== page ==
The pandemic has compounded a host of systemic issues in the United States, including food insecurity in Indian Country. In an interview for High Country News, B. ‘Toastie’ Oaster spoke with the Native American Agriculture Fund’s CEO Toni Stanger-McLaughlin (Colville) to learn more about the special January 2022 report “Reimagining Hunger Responses in Times of Crisis.” Supply-chain problems during the pandemic caused extreme delays in usual deliveries, meaning many went without access to basic necessities. In response, various Native organizations and self-governing communities are using data sovereignty to obtain federal funds that could transform local agricultural infrastructure.
“For the first time, we’re going to take ownership of our data, and also the messaging and how the data is going to be interpreted,” said Stanger-McLaughlin.
The Native American Agriculture Fund (NAAF) partnered with the Indigenous Food and Agriculture Initiative (INAI) and the Food Research and Action Center (FRAC) to research and develop the report in an effort to educate Congress about the importance of local agricultural production in indigenous communities. The report discovered that Native households go hungry at vastly higher rates than their white counterparts do. About 48 percent of more than 500 indigenous respondents shared that “sometimes or often during the pandemic the food their household bought just didn’t last, and they didn’t have money to get more.”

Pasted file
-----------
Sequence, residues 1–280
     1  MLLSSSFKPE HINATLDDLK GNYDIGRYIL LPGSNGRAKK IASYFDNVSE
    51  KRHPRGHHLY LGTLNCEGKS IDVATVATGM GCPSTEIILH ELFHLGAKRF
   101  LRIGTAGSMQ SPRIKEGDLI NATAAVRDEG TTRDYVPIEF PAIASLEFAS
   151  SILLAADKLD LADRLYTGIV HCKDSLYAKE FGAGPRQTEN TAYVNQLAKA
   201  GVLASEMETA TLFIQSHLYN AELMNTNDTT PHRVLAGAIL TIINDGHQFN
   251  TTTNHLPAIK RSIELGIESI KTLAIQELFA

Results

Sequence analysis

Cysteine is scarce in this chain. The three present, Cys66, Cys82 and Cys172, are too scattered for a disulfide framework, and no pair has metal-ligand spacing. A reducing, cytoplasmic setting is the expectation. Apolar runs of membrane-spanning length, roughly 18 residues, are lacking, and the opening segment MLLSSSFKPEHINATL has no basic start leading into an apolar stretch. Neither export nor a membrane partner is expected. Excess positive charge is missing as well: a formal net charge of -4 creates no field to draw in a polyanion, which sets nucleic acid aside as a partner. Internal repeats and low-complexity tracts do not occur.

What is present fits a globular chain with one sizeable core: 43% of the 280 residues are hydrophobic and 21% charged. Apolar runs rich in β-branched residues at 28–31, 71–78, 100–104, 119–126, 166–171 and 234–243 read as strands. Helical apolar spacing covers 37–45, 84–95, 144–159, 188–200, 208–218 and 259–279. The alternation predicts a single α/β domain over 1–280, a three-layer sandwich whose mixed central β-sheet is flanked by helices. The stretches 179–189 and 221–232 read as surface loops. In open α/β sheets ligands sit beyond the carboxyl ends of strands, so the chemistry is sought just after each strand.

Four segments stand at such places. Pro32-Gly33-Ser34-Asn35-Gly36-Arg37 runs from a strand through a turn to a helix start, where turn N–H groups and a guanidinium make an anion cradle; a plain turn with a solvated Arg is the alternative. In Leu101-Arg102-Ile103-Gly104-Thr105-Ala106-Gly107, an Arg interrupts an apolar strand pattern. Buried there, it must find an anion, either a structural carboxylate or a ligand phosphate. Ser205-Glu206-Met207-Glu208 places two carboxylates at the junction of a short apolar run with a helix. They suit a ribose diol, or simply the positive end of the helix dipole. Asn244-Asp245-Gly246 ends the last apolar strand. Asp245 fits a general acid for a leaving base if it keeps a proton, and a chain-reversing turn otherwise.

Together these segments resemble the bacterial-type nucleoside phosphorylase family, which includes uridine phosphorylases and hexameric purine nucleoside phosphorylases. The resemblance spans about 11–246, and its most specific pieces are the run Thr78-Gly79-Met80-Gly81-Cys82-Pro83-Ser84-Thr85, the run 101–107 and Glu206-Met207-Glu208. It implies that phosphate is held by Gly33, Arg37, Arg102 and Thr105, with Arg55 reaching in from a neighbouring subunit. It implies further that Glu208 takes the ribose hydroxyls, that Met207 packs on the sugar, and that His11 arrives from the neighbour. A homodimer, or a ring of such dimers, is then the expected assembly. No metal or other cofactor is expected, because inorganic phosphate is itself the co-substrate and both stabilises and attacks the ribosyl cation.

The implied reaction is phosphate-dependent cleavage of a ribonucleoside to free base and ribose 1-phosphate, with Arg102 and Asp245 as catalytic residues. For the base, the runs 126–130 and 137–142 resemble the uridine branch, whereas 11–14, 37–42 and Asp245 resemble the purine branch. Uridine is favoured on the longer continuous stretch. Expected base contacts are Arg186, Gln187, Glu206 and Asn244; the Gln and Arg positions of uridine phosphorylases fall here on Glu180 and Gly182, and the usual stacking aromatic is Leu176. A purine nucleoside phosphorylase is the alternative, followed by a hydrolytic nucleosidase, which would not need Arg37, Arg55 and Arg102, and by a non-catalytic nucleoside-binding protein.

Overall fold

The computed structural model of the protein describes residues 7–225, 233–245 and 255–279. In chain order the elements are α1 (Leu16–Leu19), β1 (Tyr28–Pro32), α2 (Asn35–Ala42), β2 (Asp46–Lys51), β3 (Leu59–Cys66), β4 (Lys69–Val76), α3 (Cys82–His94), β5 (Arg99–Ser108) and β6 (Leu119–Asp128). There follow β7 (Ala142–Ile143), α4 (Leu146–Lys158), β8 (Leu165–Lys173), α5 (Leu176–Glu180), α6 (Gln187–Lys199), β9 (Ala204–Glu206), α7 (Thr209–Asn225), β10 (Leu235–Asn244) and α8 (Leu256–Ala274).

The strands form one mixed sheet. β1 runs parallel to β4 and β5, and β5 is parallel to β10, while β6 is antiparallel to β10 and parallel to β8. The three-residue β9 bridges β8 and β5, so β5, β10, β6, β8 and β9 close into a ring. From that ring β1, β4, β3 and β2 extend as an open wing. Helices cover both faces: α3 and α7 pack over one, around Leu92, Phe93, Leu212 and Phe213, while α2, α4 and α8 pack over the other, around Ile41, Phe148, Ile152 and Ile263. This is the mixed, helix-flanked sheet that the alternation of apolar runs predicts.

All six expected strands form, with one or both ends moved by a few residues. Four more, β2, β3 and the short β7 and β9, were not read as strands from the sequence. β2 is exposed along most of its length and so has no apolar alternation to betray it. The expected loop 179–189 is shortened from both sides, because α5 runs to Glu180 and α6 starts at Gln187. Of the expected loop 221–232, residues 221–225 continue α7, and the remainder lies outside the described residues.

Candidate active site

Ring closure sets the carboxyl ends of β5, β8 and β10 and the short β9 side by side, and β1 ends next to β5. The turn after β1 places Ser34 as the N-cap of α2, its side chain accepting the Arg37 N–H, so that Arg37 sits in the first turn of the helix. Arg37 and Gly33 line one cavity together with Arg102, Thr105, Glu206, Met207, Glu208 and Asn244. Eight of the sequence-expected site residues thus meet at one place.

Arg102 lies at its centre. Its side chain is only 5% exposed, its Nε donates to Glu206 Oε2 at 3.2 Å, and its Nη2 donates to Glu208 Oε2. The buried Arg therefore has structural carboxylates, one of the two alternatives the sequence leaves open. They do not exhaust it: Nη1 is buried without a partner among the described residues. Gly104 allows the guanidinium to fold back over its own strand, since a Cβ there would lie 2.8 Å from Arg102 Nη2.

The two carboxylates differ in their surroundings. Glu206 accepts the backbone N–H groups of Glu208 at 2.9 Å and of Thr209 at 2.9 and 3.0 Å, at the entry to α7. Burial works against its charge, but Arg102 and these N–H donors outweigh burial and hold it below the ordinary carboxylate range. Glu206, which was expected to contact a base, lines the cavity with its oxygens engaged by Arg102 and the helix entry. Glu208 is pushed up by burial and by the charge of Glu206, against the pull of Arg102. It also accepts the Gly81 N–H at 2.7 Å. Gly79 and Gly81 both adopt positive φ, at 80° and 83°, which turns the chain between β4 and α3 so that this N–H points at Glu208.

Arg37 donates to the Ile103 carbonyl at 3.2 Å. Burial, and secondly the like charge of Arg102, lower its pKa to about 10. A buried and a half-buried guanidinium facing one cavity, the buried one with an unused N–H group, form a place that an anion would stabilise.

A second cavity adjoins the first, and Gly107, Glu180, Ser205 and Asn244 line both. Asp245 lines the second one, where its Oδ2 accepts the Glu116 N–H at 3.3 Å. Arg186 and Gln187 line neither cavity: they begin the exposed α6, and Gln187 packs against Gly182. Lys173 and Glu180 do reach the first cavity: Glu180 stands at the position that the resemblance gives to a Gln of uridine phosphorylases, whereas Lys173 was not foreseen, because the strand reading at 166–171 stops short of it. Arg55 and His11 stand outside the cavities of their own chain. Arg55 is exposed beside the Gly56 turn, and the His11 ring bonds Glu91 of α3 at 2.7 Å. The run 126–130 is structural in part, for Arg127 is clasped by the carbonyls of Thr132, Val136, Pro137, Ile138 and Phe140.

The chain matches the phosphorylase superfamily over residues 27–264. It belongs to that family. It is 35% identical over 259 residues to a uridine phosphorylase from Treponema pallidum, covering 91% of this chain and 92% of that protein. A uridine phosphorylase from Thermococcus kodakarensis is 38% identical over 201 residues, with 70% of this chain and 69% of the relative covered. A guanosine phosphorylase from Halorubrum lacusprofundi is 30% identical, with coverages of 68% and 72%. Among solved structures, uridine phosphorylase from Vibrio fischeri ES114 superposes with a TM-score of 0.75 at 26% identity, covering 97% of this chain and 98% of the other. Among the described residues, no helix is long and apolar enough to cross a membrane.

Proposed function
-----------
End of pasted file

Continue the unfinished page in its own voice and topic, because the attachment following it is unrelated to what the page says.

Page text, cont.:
NAAF, INAI, and FRAC discovered that Native communities more often turn to their tribal governments for help rather than access benefit cards, which are useless in rural areas where there are no nearby food stores. Farm-to-family direct sales became an increasingly popular way of acquiring food during the pandemic. Since the shift to producing and selling locally, instead of selling to stockyards, which then sell to processing plants, there have been reductions in transportation and storage costs. NAAF hopes that prioritizing Native-driven data collection will ultimately empower tribes that have waited too long on Washington leaders to make the right calls.
“We’re asking tribes to reach out and engage with us if they’re applying for federal funding, to use our work as a model of how we can all come together and actually leverage private and federal funding and expand and unify our mission, which is to feed our communities,” said Stanger-McLaughlin.
Food insecurity has shown up in many recent corporate news headlines, most often related to global havoc inflicted by the pandemic or climate change. In August 2020, the New York Times covered food deserts among members of the Navajo nation; in December 2021, the Washington Post reported on farmers adapting indigenous peoples’ sustainable farming efforts amidst dire water shortages. However, one noticeable gap in all corporate coverage is indigenous communities’ work to develop innovative solutions to historic inequity.
B. ‘Toastie’ Oaster, interview with Toni Stanger-McLaughlin, “The First Answer for Food Insecurity: Data Sovereignty,” High Country News, February 11, 2022.
Student Researchers: Emily Inman, Emma Stankiewicz, Maria Trifiro, and Kristina Vartanian (University of Massachusetts Amherst)
Faculty Evaluator: Allison Butler (University of Massachusetts Amherst)